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Tuesday, 27 September 2011

ambiguity, irreverence, commentary & judgement

found via brain pickings via TED

here is my quick summary of what lauren says

- most people watch tv - in usa people watch on average 5hrs a day
- some see tv as stupid but  lauren's idea is that tv has a conscience
- in that it reflects the moral, political, social, emotional states of nations

- in saying this she is talking about the top rated shows over 50 years in the usa
- and how what was popular evolved over time

- so she and others did a research study taking the top 20 shows every year over 50 years
- they then talked to around 3600 people to find out how they felt when watching these shows

moral ambiguity and inspiration
- in this 1st graph - inspiration means people were uplifted, more positive about world
- and moral ambiguity ='s shows in which people didn't understand the difference between right and wrong

- in the 1960's inspiration is holding steady but toward the end moral ambiguity starts to climb
- why? cuban missile crisis, jfk shot, civil rights movement, race riots, vietnam, watergate
- in the 1970's inspiration plummets and moral ambiguity takes off and they cross
- then a telegenic Ronald Reagan is president and inspiration recovers a little
- but it can't  - AIDS, iran-contra, the challenger disaster, chernobyl.
- moral ambiguity becomes the dominant meme in television from 1990 for the next 20 years.

irreverence, social commentary & comfort
 - look at this next chart where comfort, social commentary and irreverance are mapped

- early on domestic shows are all about comfort, then in the 1960's irreverence starts to rise
- and slightly after irreverence social commentary is spiking up
- so in 1969 all 3 measures are broadly at the same level 
- which corresponds with the 1st time there is a show that allows viwewers to say, "my god, I can comment on how I feel about vietnam, the presidency, through television?"
- then just like the last chart, look what happens - in 1970 the dam bursts.
- comfort is no longer why we watch television. 
- social commentary and irreverence (like "M*A*S*H") rise throughout the 70s.
- (a note to digital folk here - we didn't invent disruptive - the comfort approach on TV was being shoved out of the easy chair 40 years ago).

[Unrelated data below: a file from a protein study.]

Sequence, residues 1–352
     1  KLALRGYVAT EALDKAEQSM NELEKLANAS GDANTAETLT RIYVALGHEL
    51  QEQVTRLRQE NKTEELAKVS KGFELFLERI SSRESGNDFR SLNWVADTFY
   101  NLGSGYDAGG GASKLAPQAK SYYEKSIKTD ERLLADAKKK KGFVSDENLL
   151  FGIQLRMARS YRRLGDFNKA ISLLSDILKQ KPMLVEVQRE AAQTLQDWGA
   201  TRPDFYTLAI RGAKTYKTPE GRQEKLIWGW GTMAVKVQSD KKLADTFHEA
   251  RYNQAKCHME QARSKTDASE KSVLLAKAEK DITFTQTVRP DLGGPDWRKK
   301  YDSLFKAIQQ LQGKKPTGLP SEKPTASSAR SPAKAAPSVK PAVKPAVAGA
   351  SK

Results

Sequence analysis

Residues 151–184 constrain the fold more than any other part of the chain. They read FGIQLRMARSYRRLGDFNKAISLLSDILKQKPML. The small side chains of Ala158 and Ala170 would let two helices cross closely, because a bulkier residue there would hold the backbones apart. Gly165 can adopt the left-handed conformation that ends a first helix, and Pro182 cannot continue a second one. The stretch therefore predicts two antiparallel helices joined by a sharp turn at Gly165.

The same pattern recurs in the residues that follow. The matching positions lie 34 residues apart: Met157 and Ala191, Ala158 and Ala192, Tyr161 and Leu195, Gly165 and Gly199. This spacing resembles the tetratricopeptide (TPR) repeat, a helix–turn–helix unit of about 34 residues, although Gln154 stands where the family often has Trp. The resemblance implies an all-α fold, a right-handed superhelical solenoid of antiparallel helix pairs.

fantasy/imagination and unemployment
- or look at this graph with 2 attributes
- fantasy and imagination - shows which "take me out of my everyday realm" and "makes me feel better."
- mapped against the bureau of labor dept. statistic for unemployment

- every time fantasy and imagination shows rise (like "the bionic women",  "the $6m dollar man" or "charlie's angels" in the 1970's) it maps to a spike in unemployment. 
- another spike in the 1980s reflects shows like "dallas"

humour and judgement
 - and finally look at this graph for the last 20 years - the rise of reality tv

- in the 1990's we have humour "friends," "frasier," "cheers" and "seinfeld"
- everything is good with low unemployment
- X marks the spot in 2001 when humour succumbs to judgment once and for all
- and why not? - a 2000 presidential election is decided by the Supreme Court, there' s the bursting of the tech bubble and, or course 9/11
- so at the turn of the century, as the internet takes off, reality television has taken hold. 
- what do people want in their TV then as their world is falling apart - revenge? nostalgia? comfort? 
- no - they want judgment - to keep somebody dancing in "strictly" or to choose the next "american idol" or to watch peolle being fired on "the apprentice"

but we still need our mums
- and all the way through this 50 years
- there has not been a decade of television without a definitive, dominant TV mom.

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